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Lily & Woody


CANCER IN DOGS

A recent article which appeared in The Whole Dog Journal they stated that one in four dogs will get cancer. Here are some tips. Long nosed breeds are more prone to get nasal cancer. Cocker spaniels are more likely to get cancer of the ears. The risk of skin cancer is greater in light-skinned dogs especially in high-altitudes. Unspayed and un-neutered dogs have a higher risk of cancer of their reproductive organs. Large breeds are more likely to get bone cancer, and Lymphoma is the third most common form of cancer in dogs.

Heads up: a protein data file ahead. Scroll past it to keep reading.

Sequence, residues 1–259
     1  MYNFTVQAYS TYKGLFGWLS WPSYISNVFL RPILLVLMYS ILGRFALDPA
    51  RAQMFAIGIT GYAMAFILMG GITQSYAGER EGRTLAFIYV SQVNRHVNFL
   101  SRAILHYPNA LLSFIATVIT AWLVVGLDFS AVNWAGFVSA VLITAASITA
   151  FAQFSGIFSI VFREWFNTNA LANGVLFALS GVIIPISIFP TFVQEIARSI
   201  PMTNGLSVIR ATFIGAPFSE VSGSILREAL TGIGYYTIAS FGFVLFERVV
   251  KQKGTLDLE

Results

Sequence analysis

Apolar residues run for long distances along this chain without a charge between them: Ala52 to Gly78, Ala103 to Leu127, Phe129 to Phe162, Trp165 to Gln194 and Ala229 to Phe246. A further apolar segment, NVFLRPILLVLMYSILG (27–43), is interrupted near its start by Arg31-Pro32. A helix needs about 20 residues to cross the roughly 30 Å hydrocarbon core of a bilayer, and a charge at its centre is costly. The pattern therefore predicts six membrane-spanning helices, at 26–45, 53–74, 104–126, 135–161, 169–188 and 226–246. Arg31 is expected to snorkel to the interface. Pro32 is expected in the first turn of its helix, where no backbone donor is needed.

There are some things you can do to help. First, always give your dog a careful going over as you groom your dog each week. This way you will spot any cancer in its early stages. If you see a new growth, foul odor, fluid, limping, cough or sneezing, take your dog to the vet for a checkup. Try to be careful that your dog does not inhale irritants, such as fertilizer. Have your dog spayed or neutered young. But late is better than never. Keep your dog's ears clean and checked. For dogs with heavy drop ears, see if your dog will let you tie them up each day so that air can get in the ear. Do not keep your dog in the sun for long periods or frequently during the summer. Light skinned, short coated dogs can get sunburned. While you cannot prevent all cancer, you can reduce the risk by taking care of your dog. Some schools of thought feel that a healthy immune system is the best defense against cancer for both animals and people. This means keeping the toxins out of both you and your dog's system.

 
Copyright 2001 Susan Bulanda. All Rights Reserved.